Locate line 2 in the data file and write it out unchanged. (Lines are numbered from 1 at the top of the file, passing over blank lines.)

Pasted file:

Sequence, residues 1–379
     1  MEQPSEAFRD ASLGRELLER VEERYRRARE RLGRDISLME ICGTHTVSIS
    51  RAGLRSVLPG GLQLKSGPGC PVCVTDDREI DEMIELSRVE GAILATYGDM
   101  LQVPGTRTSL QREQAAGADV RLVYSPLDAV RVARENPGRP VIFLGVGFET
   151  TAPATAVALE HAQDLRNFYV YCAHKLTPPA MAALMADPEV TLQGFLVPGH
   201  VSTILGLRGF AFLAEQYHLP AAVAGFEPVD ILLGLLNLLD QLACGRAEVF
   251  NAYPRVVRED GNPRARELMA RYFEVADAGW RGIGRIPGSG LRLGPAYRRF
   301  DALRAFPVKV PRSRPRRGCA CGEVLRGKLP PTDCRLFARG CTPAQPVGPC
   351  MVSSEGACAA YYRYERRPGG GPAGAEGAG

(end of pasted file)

     1  MEQPSEAFRD ASLGRELLER VEERYRRARE RLGRDISLME ICGTHTVSIS